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It doesn’t matter, but it does


 

Ryan D. Enos and Anthony Fowler argue we vote for reasons beyond a belief that our vote will make an identifiable difference.

“I always vote.” “It’s a civic duty.” “Many have fought for our right to vote.” “Voting gives you the right to complain.” These were the types of answers we received. Most voters made no mention of issues, candidates, or policies. When asked about whether their vote would change the election results, most acknowledged that the chances were low. Nonetheless, many held out hope saying, “You never know” or “The election could be close.” It appeared that most voters had never even thought of the chances that their vote would matter until we asked them, and some admitted so. This observation tells us a lot about why people vote. If forced to think about it, most voters know that they won’t change an election result; but they don’t care.


 

It doesn’t matter, but it does

  1. If you look at election results on a per-poll basis, then one vote actually can make a difference. A given riding will probably have something like 250 or so polls, so if one person per poll does or doesn't vote, that can have a real impact, plenty of races decided by a margin smaller than that.

  2. Part of the reason people don't think their vote will count is that we are constantly inundated with polls telling us who will win. People know their one vote won't be enough to close that gap.

    Get rid of the poll results during an election, though, and they have no idea who is winning or how close the race is. Suddenly, maybe their lone vote WILL be the one to make a difference – at least in their own riding.

    Muzzle the pollsters if you want to see bigger voter turnout. The press might actually focus on isues or local candidates more if they have to fill up all those inches of print or all that air time with something other than dissecting the poll of the day.

  3. Your vote always matters. Sure, it'd be better in a proportional system, but even in our current system, your vote matters because its' part of the biggest poll of the people done in our country, and the most important poll of all to politicians. As such, you can damn well believe that they pay attention to it, not just to how many voted for them, but how many voted for the other guys.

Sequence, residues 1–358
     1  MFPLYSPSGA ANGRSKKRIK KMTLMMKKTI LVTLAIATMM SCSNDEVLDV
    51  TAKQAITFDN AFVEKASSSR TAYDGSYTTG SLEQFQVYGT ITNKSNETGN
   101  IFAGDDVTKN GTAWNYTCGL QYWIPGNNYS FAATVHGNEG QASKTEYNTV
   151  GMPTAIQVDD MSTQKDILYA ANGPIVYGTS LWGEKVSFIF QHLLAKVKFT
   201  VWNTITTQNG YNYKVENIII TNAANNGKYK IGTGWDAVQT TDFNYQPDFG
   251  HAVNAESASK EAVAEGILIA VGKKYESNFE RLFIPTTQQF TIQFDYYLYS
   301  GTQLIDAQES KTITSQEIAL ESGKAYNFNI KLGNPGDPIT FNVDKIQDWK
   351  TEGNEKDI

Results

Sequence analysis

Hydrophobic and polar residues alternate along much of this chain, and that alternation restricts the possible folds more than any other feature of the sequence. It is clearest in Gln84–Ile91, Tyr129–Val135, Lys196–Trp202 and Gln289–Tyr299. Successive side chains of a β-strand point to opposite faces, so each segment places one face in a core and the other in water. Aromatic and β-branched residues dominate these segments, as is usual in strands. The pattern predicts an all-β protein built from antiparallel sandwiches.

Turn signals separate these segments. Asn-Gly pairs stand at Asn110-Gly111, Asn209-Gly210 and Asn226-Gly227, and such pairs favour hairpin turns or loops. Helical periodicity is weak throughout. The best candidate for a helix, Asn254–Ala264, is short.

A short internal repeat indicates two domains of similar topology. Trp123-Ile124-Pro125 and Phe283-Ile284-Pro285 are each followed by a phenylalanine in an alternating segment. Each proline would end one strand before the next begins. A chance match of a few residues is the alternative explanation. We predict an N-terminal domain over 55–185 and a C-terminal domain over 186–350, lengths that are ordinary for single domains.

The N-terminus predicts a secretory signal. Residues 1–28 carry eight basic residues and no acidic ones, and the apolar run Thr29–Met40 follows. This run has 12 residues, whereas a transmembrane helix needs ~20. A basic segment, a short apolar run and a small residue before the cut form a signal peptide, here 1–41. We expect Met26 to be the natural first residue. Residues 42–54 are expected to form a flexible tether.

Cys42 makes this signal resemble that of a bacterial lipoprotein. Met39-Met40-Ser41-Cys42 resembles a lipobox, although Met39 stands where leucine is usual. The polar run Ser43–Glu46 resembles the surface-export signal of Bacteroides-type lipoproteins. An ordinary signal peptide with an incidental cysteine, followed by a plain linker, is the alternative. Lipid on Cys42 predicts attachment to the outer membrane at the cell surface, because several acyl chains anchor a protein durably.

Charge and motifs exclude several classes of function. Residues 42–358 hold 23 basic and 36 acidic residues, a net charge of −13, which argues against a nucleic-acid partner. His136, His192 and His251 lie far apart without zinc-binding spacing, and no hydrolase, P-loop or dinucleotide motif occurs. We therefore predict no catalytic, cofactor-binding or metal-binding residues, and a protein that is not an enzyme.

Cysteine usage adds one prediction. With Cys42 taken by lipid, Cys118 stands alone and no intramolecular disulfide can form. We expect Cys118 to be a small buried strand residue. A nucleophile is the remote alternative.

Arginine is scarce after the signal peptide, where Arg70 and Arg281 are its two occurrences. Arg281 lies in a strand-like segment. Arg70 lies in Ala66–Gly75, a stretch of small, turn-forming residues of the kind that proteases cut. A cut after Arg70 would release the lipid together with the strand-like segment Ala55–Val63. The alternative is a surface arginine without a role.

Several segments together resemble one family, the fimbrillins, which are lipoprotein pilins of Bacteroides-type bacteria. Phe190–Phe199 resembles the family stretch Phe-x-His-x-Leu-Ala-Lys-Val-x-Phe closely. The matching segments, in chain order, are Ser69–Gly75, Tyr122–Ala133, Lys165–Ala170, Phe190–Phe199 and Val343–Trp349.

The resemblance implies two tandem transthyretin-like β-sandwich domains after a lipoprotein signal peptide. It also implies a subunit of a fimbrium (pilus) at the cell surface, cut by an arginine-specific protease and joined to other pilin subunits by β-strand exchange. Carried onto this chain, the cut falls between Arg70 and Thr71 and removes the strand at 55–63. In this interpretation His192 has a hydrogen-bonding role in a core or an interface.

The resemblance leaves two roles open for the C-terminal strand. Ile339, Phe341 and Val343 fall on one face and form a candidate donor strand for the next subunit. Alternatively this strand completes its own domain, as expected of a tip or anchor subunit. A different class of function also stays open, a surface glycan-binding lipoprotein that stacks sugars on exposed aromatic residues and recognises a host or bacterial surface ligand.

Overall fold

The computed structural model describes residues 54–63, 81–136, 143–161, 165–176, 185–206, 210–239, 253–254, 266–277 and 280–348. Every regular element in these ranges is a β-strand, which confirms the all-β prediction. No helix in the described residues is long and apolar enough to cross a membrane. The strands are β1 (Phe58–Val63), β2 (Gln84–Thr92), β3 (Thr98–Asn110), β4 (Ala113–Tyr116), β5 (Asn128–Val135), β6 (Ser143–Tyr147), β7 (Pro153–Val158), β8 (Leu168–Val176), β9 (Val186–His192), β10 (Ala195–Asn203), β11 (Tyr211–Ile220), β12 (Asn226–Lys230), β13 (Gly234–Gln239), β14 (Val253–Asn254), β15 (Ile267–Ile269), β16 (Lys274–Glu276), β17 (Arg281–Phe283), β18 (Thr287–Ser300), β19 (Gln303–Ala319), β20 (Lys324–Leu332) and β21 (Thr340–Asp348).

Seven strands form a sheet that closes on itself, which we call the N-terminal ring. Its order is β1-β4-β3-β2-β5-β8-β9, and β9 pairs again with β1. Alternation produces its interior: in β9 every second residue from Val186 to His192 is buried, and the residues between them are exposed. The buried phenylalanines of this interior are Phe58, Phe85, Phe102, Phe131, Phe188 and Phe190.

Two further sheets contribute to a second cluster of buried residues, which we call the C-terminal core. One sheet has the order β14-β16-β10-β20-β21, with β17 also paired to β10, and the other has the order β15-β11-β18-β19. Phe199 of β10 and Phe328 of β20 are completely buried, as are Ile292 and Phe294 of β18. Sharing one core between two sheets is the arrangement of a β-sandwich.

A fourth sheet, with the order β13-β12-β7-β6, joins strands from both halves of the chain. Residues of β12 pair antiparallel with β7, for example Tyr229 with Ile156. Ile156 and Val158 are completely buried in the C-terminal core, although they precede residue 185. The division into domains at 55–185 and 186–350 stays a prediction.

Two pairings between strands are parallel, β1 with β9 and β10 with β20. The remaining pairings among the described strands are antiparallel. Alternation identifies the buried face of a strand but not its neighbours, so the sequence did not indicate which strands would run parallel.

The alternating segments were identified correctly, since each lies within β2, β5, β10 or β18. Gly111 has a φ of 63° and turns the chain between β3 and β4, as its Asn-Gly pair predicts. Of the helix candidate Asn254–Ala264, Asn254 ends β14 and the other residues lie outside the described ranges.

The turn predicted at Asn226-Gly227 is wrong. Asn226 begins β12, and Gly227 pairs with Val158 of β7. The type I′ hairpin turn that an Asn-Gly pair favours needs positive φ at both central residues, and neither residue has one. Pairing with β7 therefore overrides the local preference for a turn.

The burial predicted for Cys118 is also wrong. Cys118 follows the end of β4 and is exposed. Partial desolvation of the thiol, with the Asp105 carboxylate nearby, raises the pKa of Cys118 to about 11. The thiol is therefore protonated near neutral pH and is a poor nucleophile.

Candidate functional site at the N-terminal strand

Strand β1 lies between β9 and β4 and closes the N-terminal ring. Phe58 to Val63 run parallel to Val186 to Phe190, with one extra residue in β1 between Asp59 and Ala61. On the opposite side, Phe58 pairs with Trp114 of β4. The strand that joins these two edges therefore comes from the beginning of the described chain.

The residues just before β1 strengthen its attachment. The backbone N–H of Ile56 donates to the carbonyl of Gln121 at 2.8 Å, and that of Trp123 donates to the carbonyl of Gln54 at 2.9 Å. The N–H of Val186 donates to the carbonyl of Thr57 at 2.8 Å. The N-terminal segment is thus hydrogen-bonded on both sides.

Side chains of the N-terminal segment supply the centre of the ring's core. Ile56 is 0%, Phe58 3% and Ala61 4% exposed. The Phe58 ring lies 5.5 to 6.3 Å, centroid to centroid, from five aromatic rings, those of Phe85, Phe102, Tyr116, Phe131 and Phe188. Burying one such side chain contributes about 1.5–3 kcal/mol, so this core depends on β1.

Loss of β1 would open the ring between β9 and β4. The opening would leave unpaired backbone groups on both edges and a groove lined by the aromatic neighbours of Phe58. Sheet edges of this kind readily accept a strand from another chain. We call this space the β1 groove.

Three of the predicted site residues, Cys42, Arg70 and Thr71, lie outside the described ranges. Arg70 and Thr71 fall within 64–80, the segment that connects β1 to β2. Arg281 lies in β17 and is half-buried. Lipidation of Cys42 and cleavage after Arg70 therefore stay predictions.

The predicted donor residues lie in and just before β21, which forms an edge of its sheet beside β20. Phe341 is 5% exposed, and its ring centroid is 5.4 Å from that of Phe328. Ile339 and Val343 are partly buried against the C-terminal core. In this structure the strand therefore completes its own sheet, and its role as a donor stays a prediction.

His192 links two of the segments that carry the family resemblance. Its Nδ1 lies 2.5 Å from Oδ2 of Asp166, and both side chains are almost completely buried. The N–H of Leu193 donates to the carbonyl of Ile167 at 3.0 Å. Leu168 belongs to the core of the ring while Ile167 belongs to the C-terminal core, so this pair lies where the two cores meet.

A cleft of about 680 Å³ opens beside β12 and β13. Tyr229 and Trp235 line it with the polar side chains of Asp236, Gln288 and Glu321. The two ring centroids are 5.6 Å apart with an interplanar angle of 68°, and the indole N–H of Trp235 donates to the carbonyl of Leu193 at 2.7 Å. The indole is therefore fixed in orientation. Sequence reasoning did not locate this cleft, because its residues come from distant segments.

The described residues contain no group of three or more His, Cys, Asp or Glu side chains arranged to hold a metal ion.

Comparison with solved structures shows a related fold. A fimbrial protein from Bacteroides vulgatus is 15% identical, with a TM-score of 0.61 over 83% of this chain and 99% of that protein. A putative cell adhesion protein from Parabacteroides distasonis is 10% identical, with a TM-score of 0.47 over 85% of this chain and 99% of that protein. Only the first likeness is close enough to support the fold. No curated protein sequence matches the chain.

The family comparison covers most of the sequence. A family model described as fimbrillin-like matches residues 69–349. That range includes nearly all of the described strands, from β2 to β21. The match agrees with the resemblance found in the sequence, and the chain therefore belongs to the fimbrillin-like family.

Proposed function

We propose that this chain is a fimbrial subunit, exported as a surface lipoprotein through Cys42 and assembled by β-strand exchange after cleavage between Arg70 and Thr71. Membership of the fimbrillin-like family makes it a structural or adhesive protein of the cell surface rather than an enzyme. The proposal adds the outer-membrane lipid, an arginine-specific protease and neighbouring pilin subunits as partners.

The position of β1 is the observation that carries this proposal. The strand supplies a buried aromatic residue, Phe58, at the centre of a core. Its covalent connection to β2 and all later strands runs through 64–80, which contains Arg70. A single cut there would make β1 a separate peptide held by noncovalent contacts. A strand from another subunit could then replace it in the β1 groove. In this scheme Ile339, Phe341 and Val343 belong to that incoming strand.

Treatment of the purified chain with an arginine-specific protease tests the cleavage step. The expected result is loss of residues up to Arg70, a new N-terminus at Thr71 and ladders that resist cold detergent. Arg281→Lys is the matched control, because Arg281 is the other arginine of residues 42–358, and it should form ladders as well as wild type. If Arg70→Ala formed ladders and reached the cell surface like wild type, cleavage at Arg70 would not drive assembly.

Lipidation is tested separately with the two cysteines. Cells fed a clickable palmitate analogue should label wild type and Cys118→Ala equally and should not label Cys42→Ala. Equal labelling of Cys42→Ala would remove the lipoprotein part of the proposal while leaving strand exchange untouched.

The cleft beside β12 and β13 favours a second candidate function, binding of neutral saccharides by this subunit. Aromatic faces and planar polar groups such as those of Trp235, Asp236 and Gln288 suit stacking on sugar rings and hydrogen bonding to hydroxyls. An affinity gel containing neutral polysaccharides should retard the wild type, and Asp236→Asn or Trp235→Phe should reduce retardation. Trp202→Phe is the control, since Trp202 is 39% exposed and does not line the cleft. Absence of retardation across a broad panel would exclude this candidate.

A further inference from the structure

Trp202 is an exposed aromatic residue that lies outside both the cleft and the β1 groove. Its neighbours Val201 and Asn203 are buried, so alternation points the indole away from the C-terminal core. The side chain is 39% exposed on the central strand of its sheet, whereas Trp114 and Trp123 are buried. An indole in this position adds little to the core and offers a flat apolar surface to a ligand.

So if they see a significant number of people voting for the "No Pants Party" — even if not a single Pants-free MP gets elected — you can bet you'll start seeing them making noises about needing to revisit the indecent exposure laws.

  4. ." This observation tells us a lot about why people vote. If forced to think about it, most voters know that they won't change an election result; but they don't care"

    lol This is the good kind of not caring.

  5. This observation tells us a lot about why people vote. If forced to think about it, most voters know that they won't change an election result; but they don't care.

    I object to the "they don't care" insult. It suggests that they stubbornly perform the dumb ritual despite their knowing acceptance of its individual lack of worth. I submit that most "dedicated" voters have indeed thought that far, and beyond, to "…and if everybody thought it was meaningless we'd be in a horrible mess."

    I alone cannot make enough sandbags to prevent my little neighbourhood from getting flooded; if everybody else but me showed up, they'd probably do just fine. And if everybody stopped thinking at that point, we're doomed. So little meaningless one-person me pitches in, alongside a whole bunch of others, and look what happens…

  6. '"I have solved this political dilemma in a very direct way: I don't vote. On Election Day, I stay home. I firmly believe that if you vote, you have no right to complain. Now, some people like to twist that around. They say, 'If you don't vote, you have no right to complain,' but where's the logic in that? If you vote, and you elect dishonest, incompetent politicians, and they get into office and screw everything up, you are responsible for what they have done. You voted them in. You caused the problem. You have no right to complain. I, on the other hand, who did not vote — who did not even leave the house on Election Day — am in no way responsible for what these politicians have done and have every right to complain about the mess that you created."'

    George Carlin

  7. I read it more as a kind of hopeful stubborness. Refusing to bow to cynicism rather than dumb acceptance of duty.

    "When asked about whether their vote would change the election results, most acknowledged that the chances were low. Nonetheless, many held out hope saying, “You never know” or “The election could be close"

  8. I and my husband always vote. My thoughts are that if you don't vote, you have no reason to complain.

  9. If you look historically, gaining the right to vote was a status symbol, of wealth, 'respectability', or even gender. As long as there was an excluded 'other' who couldn't vote, the primary reason to vote was to demonstrate one's own superior social status. The issue now is that since pretty much everyone can vote, it is no longer a status symbol, & hence the diversity of essentially meaningless reasons & people not really knowing why they should vote.

  10. I like this idea. I don't think it's practical, and it would be utterly impossible to enforce, but I like it.